Equipment destined to help refugees in Jordan has departed the factory of pioneering recycling firm Protomax Plastics Ltd.
The company based in Frome has integrated one of its waste-plastic recycling machines into a shipping container destined for the Middle Eastern country, making it ready-to-use on arrival.
Protomax’s technology enables any waste plastic to be recycled into Storm Board, a strong and durable alternative to plywood suitable for a range of uses.
The plastic recycling technology housed in the shipping container was created for Protomax’s client BOXS AG. The Swiss company builds refugee shelters out of Storm Board and the container will be delivered as part of its humanitarian aid project in Jordan.
On arrival in Jordan, it will recycle plastic waste from refugee camps into Storm Board which can then be used to create new shelters for those in need.
In order to allow ease of use and safe storage, the team at Protomax designed and created a mechanical arm to allow the machinery to move easily in and out of the container for operation.
Nick Stillwell, Owner of Protomax
Owner of Protomax, Nick Stillwell, said, “The driving force behind Protomax and Storm Board is to take the problem of waste plastic and recycle it into something useful, durable and reusable.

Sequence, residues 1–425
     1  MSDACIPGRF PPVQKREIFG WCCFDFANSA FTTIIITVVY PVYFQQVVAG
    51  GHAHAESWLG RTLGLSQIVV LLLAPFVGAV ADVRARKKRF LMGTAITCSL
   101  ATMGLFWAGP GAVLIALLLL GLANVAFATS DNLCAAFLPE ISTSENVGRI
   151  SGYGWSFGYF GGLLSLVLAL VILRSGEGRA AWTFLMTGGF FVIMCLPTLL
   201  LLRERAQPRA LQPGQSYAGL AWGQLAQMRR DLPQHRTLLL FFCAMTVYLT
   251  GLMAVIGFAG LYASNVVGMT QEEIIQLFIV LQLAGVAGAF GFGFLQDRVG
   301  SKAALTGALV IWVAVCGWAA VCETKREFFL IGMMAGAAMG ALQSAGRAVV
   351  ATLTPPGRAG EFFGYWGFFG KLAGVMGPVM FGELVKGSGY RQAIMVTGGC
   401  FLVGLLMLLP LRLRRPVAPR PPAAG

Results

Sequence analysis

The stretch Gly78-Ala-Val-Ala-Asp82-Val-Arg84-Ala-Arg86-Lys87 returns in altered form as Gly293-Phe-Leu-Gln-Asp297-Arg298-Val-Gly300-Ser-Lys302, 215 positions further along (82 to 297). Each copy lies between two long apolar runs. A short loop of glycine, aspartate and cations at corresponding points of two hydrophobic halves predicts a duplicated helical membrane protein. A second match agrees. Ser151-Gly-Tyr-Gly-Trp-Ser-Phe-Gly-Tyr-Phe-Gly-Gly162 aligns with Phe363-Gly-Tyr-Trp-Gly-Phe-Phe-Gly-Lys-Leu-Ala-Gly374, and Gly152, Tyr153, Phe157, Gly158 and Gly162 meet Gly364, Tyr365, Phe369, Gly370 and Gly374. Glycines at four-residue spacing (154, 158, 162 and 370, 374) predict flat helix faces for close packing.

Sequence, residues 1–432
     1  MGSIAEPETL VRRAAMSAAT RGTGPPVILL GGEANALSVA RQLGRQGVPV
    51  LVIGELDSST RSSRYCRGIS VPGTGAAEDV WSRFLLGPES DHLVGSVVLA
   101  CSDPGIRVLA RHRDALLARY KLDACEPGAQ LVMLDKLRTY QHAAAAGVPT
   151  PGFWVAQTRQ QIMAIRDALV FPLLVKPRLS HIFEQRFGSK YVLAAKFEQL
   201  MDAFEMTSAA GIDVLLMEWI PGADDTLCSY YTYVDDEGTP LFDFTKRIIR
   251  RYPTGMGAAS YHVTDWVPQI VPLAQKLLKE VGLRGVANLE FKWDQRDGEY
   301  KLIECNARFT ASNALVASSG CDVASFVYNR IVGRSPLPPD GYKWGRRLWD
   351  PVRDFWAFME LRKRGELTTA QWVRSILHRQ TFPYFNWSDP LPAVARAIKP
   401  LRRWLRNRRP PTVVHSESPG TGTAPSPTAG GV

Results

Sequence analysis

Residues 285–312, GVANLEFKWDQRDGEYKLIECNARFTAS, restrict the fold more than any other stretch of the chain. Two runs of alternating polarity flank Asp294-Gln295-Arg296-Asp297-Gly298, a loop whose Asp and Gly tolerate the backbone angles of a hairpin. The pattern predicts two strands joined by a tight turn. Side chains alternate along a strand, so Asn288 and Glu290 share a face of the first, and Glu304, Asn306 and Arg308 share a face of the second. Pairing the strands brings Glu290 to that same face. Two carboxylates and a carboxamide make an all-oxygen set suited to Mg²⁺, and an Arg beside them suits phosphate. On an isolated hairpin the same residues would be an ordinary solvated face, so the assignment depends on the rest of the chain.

“The refugee camps in Jordan contain a large number of people, all of whom need shelter from the elements. In addition, with large volumes of people unfortunately comes the problem of large amounts of plastic waste.
“It was clear to us that Protomax and Storm Board technology could help to address both of these issues, but there was the challenge of how to get the equipment there and how to store it.
“We came up with a solution that allows ease of shipping and ease of use, which means that the equipment is now ready to make an important difference to those living in incredibly difficult conditions in Jordanian refugee camps.”
The Storm Board product was developed following the devastating 2010 Haiti earthquake which destroyed buildings, infrastructure and displaced over 60,000 people. Nick Stillwell saw an opportunity to recycle the waste plastic to build weatherproof shelters for those in need.
As a sustainable alternative to plywood, Storm Board has multiple applications across a range of sectors including; construction, commercial property and agriculture.
Protomax currently recycles 600 tonnes of plastic destined for landfill or incineration per year at its factory, with the capacity to double this.